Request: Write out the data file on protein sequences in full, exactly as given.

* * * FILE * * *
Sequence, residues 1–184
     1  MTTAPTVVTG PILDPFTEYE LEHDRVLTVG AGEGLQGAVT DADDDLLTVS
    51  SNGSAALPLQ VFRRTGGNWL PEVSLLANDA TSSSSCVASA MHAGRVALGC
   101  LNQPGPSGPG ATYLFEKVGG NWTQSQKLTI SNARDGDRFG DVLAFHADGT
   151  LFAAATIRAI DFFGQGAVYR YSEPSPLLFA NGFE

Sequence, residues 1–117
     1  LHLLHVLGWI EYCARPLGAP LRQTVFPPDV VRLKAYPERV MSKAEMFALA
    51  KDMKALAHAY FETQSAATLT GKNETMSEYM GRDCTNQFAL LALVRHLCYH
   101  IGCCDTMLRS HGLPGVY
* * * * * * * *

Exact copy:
Sequence, residues 1–184
     1  MTTAPTVVTG PILDPFTEYE LEHDRVLTVG AGEGLQGAVT DADDDLLTVS
    51  SNGSAALPLQ VFRRTGGNWL PEVSLLANDA TSSSSCVASA MHAGRVALGC
   101  LNQPGPSGPG ATYLFEKVGG NWTQSQKLTI SNARDGDRFG DVLAFHADGT
   151  LFAAATIRAI DFFGQGAVYR YSEPSPLLFA NGFE

Sequence, residues 1–117
     1  LHLLHVLGWI EYCARPLGAP LRQTVFPPDV VRLKAYPERV MSKAEMFALA
    51  KDMKALAHAY FETQSAATLT GKNETMSEYM GRDCTNQFAL LALVRHLCYH
   101  IGCCDTMLRS HGLPGVY